Research & Publication

Global Cities Survey


This is the first Global Cities Survey launched by London Property Alliance (LPA) with research undertaken by Centre for London.  This quarterly report provides analysis – across a range of measures – of London’s progress in dealing with and recovering from the Covid-19 pandemic compared to four of London’s world city competitors: New York, Paris, Berlin and Hong Kong.

As the UK’s leading world city, London’s fight for talent, private sector investment and visitors is global. As the gateway to much of the rest of the UK for business, visitors and investment, London can only play its full role in the national recovery when it is competing effectively on the international stage.

Authors: Nicolas Bosetti, Kieran Connelly and Jon Tabbush (all Centre for London) and Alexander Jan (London Property Alliance)

Headline findings

Headline findings for a selection of our indicators (all provided further below in the report) are as follows:

In 2021, London recorded modest recovery in its economic output level, but it is still operating below pre-Pandemic (2019) levels

The cities in our survey share a basic economic pattern: they all record a fall in output over the first two quarters of 2020, recoveries in the second half of that year followed by generally lower levels of growth (and even some shrinkage) in 2021.  However, London’s recovery appears to have stalled in the second half of 2021 with Q3 growth of just 1.5% (quarter on quarter) compared to 4.6% in Q2.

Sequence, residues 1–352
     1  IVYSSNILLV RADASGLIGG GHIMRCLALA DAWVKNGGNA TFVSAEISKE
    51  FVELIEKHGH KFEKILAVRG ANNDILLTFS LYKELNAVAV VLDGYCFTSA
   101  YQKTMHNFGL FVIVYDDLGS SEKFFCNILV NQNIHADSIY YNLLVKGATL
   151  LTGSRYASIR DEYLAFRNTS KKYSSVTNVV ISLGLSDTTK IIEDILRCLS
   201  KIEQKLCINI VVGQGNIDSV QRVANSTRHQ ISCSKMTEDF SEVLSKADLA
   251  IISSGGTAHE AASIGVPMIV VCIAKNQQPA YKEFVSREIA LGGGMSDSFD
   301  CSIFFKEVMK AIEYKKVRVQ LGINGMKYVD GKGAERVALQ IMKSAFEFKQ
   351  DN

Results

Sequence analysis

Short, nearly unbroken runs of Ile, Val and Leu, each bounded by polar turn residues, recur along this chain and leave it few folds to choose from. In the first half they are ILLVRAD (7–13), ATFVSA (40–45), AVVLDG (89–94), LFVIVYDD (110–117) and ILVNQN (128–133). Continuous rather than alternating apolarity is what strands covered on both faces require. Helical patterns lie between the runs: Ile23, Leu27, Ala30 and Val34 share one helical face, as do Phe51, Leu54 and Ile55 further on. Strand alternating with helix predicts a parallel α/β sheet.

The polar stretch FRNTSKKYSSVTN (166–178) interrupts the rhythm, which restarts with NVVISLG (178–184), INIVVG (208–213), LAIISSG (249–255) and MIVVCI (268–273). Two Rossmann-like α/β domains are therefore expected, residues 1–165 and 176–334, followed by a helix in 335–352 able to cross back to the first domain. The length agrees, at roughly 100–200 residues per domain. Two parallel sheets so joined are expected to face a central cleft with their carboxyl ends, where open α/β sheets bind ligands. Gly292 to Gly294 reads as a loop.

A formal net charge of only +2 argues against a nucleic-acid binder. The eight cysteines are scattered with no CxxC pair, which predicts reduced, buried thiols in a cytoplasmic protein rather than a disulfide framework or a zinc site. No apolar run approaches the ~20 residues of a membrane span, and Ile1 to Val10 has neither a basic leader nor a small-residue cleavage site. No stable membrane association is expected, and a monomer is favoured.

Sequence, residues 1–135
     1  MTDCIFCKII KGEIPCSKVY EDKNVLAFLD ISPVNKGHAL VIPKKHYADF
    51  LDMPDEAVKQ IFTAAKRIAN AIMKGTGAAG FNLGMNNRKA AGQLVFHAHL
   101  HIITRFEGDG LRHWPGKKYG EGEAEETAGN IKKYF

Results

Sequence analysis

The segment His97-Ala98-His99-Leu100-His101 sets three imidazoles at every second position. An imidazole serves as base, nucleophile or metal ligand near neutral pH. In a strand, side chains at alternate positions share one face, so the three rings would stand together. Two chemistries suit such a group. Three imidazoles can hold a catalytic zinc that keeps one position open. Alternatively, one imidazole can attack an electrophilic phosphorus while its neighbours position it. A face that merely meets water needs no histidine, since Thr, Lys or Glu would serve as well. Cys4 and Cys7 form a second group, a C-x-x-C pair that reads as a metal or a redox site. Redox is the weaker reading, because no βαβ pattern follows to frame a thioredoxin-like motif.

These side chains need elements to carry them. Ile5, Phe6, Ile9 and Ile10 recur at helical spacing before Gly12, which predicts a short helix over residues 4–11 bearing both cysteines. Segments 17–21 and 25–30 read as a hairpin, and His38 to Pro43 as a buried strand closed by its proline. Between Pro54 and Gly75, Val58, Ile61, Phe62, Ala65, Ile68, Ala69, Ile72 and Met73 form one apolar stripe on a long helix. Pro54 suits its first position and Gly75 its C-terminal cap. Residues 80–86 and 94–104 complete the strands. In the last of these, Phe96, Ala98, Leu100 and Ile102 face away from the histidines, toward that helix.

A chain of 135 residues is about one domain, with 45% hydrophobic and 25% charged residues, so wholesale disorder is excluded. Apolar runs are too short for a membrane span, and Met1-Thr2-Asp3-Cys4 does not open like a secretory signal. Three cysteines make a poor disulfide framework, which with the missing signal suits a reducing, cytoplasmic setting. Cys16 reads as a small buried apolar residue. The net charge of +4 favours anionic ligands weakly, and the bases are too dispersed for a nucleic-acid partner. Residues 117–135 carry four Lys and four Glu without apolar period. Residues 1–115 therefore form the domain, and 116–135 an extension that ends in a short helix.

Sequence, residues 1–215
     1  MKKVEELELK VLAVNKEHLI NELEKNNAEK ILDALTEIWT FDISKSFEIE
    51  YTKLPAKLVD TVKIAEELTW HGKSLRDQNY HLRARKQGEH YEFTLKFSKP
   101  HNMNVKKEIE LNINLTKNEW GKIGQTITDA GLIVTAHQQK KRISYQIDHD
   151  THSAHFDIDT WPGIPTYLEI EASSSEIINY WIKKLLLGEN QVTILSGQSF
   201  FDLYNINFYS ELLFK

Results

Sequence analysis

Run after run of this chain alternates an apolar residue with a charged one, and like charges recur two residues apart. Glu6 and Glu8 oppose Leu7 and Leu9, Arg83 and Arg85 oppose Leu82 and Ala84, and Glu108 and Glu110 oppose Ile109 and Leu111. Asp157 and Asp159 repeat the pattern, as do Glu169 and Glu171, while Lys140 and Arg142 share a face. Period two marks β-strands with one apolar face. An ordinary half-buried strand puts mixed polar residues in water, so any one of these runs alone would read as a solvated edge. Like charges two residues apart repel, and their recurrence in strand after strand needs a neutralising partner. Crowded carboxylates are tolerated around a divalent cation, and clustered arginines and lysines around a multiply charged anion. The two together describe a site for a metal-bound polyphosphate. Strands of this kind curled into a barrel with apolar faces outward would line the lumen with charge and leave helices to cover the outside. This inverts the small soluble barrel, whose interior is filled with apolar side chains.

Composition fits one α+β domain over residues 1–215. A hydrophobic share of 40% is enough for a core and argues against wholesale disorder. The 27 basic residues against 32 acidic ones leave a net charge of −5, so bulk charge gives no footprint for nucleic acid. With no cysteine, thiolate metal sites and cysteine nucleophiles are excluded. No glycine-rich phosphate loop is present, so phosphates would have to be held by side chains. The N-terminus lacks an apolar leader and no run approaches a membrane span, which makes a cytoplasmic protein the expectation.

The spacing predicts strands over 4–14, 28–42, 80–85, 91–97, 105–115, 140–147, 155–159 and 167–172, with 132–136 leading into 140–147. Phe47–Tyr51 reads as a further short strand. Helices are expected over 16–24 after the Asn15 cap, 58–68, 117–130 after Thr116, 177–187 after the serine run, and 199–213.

There are mixed signals coming from London’s labour market:

  • London’s unemployment rate of 5.6% (Q3, 2021) compares favourably particularly against New York and Berlin (both have unemployment rates of nearly 10%) but less so with Hong Kong (4.7%). London’s unemployment rate remains the highest for any region in the United Kingdom.
  • Employment levels – the number of people in work – in London have outperformed other world cities – the capital sits at the top of the table compared to pre-Covid figures – despite the impact of the pandemic.
  • Notwithstanding this, London suffered the biggest reduction in posted job vacancies during 2020 but since then has seen vacancy rates increase significantly. When compared to London, job postings are higher in New York and Berlin but lower in Paris and Hong Kong.

In all cities, office vacancy rates have risen sharply during the pandemic period but there are signs of recovery except for New York.

  • New York (Manhattan) has seen one of the largest increases in office vacancy rates which is now very high at 19%.
  • Paris and Berlin continue to outperform with lower vacancy rates.
  • London and Paris are the only cities to have recorded a fall in office vacancy rates this year.

Prime office rent figures for Q3, 2021 show London’s West End values rebounding but the City is still in negative territory

  • Rents in the West End have shown strong performance – up 18% year on year (Q3, 2021 vs Q3 2020) but City rents showed some weakening (down 1.4%) over the same period.
  • New York (Midtown), Hong Kong and Paris have witnessed continuing softening in rents with only Berlin in positive territory alongside London’s West End.

High Street consumer activity is still below pre-Covid-19 levels in London, Paris and New York, despite the lifting of many restrictions

  • Retail visits as measured by Google in London, Paris, Berlin and New York are between twenty and thirty percent below pre-pandemic levels. Hong Kong has seen the strongest recovery.
  • Restaurant bookings for the end of November 2021 show London is still 15% below 2019 benchmark levels with New York some 35% off the pace.